The S&P 500 is now only 11% lower from the start of the year. Investment grade credit spreads have recovered more than half their move higher during the Covid-19 crisis. And with 5Y US Treasury yields having rallied by 100bps, this means that yields on many IG bonds are now lower than their pre-crisis levels. For example, Amazon’s 4Y bond is at 0.87% (versus 0.97% pre-crisis), Apple’s 6Y bond is at 0.80% (0.90%) and SingTel’s 5Y bond is at 1.80% (2.04%). Central banks world over have unleashed their most aggressive programs ever to support their economies and businesses. Bond investors have gained some comfort from seeing central banks across the world support not only IG, but to some extent, high yield issuers as well. BOJ is expected to be holding a sixth of all corporate bonds. Reserve bank of India has opened up a liquidity window for debt mutual funds. Parts of the US, China and Europe are starting to exit lockdowns, and with markets where they are, you may think that things are starting to look up. But are we really out of the woods?

Oil has been crushed with the collapse of demand and ongoing storage concerns. Hundreds of companies have had their credit ratings downgraded on liquidity concerns and from other impacts of the virus. As of last week, 26 million workers have been laid off in the US alone. Many parts of the world are still under strict lockdowns and probably with good reason. The virus is still out there and there is no vaccine in sight. We don’t even know whether those who have suffered are immune to another bout of infections. Lockdowns and social distancing are the main measures why the curve has been flattened, but these very same measures are steepening the slope and depth of the recession. This crisis has come upon the world with the speed of a flash crash, the depth of the great depression and the uncertainty of a coin flip.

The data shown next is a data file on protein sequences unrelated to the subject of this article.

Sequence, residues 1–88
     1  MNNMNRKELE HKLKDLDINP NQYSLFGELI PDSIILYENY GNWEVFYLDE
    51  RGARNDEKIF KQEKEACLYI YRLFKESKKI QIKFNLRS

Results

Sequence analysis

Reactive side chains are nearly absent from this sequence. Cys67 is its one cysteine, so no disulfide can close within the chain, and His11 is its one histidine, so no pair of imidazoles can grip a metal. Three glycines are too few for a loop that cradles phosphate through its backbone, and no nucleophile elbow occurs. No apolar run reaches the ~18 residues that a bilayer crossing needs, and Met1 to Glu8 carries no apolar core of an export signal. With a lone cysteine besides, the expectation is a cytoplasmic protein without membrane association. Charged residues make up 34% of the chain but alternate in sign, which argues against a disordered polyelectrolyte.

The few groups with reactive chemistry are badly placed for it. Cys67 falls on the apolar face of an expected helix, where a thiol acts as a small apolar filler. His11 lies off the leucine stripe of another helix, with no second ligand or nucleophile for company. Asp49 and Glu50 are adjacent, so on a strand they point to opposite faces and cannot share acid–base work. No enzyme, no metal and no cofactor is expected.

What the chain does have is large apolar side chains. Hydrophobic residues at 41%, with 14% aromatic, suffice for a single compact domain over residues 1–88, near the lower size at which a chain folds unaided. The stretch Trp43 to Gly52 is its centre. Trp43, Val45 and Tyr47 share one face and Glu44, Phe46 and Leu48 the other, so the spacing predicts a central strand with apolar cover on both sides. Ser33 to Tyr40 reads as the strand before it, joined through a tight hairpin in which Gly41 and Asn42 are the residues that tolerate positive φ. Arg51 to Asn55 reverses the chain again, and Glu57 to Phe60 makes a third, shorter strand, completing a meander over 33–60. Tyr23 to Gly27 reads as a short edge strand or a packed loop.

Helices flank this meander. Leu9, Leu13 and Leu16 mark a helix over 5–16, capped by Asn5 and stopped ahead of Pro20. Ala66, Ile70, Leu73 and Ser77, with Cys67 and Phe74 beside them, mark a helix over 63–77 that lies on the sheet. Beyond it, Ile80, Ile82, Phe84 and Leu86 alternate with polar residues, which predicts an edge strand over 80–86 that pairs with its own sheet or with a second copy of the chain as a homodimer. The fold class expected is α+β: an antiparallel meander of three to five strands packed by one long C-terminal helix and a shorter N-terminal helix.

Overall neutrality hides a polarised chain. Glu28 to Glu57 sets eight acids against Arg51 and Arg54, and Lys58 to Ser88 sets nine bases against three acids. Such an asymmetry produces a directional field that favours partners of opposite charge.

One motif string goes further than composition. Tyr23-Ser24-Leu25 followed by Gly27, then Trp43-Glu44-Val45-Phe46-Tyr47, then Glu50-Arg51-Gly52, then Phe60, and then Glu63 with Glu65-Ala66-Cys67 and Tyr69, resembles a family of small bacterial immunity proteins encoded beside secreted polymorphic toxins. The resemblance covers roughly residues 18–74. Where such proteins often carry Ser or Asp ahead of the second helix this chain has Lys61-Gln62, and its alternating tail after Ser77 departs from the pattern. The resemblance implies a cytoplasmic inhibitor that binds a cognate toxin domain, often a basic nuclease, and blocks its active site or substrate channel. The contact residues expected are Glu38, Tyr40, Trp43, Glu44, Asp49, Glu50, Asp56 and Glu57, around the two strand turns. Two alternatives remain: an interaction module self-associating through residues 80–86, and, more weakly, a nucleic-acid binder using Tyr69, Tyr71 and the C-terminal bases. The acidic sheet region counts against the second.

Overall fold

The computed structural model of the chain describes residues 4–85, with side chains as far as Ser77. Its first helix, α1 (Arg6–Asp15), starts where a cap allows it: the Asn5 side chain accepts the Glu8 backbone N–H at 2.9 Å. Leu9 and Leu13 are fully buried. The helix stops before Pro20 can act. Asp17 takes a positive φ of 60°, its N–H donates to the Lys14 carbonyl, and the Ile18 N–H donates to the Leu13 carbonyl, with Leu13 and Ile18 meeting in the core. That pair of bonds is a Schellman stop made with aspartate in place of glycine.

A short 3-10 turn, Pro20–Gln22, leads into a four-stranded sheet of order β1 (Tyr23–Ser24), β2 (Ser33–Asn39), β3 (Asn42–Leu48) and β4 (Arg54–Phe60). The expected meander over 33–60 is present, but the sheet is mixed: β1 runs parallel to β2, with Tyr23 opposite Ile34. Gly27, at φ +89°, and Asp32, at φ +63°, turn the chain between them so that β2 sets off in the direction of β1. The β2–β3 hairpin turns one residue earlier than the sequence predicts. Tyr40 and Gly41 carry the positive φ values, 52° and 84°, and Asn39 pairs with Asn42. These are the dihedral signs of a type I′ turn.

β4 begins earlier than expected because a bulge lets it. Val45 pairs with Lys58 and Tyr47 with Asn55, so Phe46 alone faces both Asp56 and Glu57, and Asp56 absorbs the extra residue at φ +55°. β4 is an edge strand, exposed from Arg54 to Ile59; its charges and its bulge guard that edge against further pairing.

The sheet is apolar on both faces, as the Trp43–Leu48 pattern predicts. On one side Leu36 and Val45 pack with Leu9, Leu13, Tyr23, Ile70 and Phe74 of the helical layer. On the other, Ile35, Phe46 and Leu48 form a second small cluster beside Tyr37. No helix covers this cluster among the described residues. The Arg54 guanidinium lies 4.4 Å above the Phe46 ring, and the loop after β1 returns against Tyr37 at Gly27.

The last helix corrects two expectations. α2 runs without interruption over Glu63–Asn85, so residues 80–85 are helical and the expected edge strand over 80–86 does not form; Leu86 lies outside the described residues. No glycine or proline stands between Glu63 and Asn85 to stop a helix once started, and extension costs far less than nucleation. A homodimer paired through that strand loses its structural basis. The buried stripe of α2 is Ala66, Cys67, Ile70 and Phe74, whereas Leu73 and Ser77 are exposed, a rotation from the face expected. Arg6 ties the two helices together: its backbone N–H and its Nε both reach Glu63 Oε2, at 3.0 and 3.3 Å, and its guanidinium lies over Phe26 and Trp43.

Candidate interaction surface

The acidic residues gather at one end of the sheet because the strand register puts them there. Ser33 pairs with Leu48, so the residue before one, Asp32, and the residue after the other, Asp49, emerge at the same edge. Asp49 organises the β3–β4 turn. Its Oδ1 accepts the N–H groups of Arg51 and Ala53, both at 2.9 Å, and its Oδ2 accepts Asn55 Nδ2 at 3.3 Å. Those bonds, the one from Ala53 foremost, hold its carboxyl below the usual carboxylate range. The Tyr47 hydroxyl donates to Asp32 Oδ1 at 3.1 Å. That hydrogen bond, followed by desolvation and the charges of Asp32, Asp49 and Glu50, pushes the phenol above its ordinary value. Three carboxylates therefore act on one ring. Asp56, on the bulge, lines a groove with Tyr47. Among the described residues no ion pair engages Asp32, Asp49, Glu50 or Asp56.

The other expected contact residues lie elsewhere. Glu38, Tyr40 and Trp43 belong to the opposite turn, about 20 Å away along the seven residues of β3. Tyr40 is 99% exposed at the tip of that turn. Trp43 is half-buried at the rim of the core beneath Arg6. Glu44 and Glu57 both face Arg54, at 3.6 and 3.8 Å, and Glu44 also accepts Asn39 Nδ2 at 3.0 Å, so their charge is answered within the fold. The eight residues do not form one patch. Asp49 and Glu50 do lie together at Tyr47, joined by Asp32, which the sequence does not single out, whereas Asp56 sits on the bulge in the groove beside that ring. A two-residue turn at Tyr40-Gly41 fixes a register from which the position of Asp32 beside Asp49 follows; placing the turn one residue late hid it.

In our last investor poll held a month ago, about 80 percent of the respondents believed that the crisis will be over in two months (end of May 2020). If there is a second wave or a spike in cases in places that have reopened for business, that could cause another jolt in markets and make fears of a W shape come true. As and when things begin to settle down, the big question facing central bankers will be how to apportion the economic loss between the various stakeholders in the global economy. The way of liquidity is like an anaesthetic, important, life saving and preventing trauma. However, once it wears off who will ultimately bear the cost of this pandemic and in what proportion – remains to be seen.

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